“Teaching Harvard undergraduates has been a great privilege,” Kuang said. “Their amazing creativity and energy is what makes teaching fun, and I learn so much from them. I learn also from the many devoted teachers around me, who inspire me to continue to improve.”

Mara Prentiss.

Mara Prentiss.

Kris Snibbe/Harvard Staff Photographer

Solving problems, asking questions in the lab

Prentiss, who teaches atomic physics and biophysics, says lab classes offer the ideal atmosphere for teaching, allowing her to connect with students in small-group settings where she can get a sense for their different interests and perspectives. Although she teaches the same lab five days a week, Prentiss said each class ends up being very different because she adjusts the lessons for each group.

“It’s a chance to get to know them in a way that just isn’t possible in a classroom,” Prentiss said. “In lab, I can actually talk to each student and see where they are, which allows me to work with them as they develop their own individual vision of the material.”

In her research lab, Prentiss has tackled many of the world’s challenges, including developing a method for inexpensively making an optical tweezer for more accessible research, and showing that some self-assembling systems can overcome the trade-off between speed and stability. Much of the research currently ongoing in her lab focuses on RecA family proteins, which play a vital role in DNA recombination and repair, and she’s also been looking at a new approach to antibacterials.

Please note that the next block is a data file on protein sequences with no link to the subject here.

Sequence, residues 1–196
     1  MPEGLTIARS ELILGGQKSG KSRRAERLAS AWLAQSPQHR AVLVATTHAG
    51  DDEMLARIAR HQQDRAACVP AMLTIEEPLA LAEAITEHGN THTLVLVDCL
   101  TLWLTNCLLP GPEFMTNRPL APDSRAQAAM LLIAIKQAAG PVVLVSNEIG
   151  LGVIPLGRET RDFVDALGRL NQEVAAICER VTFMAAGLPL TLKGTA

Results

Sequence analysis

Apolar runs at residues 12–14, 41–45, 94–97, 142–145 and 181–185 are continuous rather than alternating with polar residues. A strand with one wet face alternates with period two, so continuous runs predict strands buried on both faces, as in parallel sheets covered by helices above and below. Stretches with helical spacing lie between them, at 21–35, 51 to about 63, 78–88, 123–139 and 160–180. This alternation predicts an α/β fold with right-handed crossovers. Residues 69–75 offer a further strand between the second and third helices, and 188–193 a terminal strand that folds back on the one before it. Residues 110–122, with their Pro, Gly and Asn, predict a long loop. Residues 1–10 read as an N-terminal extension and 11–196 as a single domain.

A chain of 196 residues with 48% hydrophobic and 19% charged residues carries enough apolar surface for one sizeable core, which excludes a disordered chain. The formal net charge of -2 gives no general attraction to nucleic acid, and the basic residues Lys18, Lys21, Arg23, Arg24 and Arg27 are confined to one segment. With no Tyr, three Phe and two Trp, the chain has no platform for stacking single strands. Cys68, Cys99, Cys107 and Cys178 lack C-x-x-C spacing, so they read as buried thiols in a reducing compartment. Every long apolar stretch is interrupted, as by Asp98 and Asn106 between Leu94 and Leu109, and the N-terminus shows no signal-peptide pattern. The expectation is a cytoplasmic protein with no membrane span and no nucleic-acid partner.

Prentiss is glad when students ask questions that make her think differently about a scientific concept, saying those interactions help her keep learning.

“I think that teaching undergrads actually makes us better researchers,” Prentiss said. “It keeps researchers from going into tunnel vision, it keeps us looking at problems from new perspectives.”